Process developed to separate lead from TV glass

Two entrepreneurs from Manchester have developed a new kind of electric furnace to reclaim pure lead from television glass.

Glass being tapped off from the Nulife Glass furnace
Glass being tapped off from the Nulife Glass furnace
Simon Greer and Clive Maudsley have secured a £250,000 business development loan to build furnaces at their plant in the West Midlands.

Their company, Nulife Glass Ltd, is based at Stourbridge and is now ready to start selling the furnaces suitable for processing the glass from up to 1,000 CRTs a day.

Mr Greer told the process can recover more than 95% of the lead within crushed glass from the cathode ray tubes from television sets and computer monitors.

The lead content in CRT glass can be as high as 20%, with a single 34-inch television containing as much as a kilogramme of the metal in oxide form. Mr Greer explained that 10 years of research had gone into the furnace, which had seen him visiting lead crystal glassmakers in Ireland to see how lead it put into their glass, after which he had sought to reverse the process.

“This is the Holy Grail of recycling, because no one has ever worked out how to get the lead out,” he claimed. “It's been a long journey, but it's working far better than we ever thought it would.”

Much of the leaded glass currently reclaimed from old CRTs in the UK, under the new producer responsibility regulations (see story), is being exported to be made into new CRTs. But Mr Greer said that a decline in sales of CRT televisions and monitors, as new technologies like LCD and plasma screens rise in popularity, meant the CRT market for old CRT glass was likely to decline in the long-term.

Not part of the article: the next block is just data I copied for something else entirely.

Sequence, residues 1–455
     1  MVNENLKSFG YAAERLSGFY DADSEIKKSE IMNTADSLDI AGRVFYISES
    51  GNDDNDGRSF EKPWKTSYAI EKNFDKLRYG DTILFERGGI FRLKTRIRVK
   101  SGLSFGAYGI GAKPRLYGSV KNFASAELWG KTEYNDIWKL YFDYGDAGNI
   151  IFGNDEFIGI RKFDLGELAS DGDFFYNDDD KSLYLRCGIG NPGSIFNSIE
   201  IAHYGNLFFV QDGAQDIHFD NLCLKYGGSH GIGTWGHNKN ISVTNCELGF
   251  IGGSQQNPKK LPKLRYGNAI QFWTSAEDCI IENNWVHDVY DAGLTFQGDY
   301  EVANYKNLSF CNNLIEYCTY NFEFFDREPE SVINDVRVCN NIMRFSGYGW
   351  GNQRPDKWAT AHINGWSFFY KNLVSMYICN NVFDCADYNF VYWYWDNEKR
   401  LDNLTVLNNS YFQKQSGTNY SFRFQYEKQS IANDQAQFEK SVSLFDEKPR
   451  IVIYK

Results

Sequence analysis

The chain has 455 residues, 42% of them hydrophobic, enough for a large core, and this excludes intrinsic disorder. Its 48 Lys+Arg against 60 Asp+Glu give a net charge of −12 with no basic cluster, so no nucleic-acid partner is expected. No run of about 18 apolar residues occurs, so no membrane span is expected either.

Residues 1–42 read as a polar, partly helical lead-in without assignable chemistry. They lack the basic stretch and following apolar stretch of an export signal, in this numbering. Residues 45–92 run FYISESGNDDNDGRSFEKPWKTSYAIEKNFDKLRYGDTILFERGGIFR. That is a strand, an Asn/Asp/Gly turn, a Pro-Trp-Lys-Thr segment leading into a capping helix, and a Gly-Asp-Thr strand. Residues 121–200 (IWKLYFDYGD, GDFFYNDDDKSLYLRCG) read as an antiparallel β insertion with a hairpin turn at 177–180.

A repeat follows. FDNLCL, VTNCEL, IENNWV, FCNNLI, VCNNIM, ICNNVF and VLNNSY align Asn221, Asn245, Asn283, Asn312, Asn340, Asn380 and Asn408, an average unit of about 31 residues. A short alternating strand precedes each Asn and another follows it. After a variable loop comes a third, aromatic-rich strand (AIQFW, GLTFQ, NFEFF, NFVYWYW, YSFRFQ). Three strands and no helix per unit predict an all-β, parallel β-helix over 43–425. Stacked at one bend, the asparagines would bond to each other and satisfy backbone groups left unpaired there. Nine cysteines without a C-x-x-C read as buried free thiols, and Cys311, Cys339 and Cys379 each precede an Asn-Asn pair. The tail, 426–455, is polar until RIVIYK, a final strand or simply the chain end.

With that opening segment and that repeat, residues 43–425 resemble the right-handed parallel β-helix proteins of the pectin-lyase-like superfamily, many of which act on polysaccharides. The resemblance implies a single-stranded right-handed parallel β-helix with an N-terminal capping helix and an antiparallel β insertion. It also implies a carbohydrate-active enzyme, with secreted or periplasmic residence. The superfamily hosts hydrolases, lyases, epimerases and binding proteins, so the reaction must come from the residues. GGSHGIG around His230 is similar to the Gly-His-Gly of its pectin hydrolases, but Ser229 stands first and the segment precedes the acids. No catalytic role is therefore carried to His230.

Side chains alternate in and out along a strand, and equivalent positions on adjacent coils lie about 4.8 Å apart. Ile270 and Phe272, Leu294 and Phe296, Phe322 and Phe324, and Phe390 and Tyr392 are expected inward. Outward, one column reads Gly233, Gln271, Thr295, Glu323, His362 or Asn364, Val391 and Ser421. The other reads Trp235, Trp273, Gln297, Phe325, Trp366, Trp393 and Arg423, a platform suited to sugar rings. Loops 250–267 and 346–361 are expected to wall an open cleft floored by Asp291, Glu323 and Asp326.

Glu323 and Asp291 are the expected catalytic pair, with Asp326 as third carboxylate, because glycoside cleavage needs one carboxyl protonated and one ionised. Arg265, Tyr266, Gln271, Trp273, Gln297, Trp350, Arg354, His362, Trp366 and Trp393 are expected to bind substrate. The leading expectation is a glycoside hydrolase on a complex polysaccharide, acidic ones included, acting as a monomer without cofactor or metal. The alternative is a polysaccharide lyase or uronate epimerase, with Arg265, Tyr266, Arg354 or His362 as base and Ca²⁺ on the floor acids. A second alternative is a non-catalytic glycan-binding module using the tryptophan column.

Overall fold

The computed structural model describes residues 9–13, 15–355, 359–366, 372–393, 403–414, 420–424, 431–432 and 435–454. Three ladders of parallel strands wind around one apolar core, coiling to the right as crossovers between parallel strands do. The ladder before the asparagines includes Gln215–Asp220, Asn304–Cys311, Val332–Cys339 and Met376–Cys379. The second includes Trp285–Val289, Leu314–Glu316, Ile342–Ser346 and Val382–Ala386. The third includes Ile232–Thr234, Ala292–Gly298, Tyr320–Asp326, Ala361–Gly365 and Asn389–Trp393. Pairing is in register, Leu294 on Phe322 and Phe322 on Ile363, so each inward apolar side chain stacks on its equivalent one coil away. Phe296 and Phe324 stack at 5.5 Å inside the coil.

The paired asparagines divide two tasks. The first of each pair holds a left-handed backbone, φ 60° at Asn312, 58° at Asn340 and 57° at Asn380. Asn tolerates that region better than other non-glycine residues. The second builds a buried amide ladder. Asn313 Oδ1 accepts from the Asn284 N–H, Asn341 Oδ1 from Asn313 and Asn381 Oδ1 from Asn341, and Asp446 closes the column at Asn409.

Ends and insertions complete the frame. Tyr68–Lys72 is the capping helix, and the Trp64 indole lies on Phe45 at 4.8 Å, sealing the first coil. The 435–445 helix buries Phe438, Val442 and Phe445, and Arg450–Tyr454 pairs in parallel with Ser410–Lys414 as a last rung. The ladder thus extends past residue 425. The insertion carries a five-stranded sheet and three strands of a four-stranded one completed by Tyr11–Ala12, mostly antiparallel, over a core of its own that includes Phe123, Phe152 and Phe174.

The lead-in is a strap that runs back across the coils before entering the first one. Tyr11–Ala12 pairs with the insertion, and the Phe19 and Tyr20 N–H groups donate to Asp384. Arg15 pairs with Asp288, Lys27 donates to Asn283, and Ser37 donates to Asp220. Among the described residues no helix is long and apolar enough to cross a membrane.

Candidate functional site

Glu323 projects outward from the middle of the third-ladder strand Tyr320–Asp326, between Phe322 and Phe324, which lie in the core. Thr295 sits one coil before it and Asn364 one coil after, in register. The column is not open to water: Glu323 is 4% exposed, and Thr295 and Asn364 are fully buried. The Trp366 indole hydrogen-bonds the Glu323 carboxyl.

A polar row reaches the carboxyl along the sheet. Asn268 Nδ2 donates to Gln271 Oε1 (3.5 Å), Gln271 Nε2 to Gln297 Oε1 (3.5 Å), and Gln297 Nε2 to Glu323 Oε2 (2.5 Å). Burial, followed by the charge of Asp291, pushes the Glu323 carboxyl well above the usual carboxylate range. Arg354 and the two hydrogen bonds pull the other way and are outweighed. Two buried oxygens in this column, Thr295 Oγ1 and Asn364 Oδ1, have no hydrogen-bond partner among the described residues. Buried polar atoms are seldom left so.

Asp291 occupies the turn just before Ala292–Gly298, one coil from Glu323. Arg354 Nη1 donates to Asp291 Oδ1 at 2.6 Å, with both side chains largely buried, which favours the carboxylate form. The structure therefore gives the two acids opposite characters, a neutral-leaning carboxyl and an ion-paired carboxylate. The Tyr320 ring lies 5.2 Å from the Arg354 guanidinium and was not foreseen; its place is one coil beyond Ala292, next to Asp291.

Metallic lead produced from the process
Metallic lead produced from the process
The Nulife Glass furnace produces two usable products, Mr Greer said, in a process that involves electric current being passed through the molten CRT glass, allowing the lead to separate out from the glass matrix in its pure, metallic form. The lead and the glass can then be tapped off separately.

Mr Greer said the lead from the Nulife process could be sold onto the global lead market, while the glass was suitable for use in making fibreglass insulation, aggregates or tiles. Around two tonnes of material a day is being processed at the Stourbridge site, but the company is yet to ship out its glass end product.

The company has already had some interest in its furnace technology from “several UK recyclers” as well as firms in Europe and the States.

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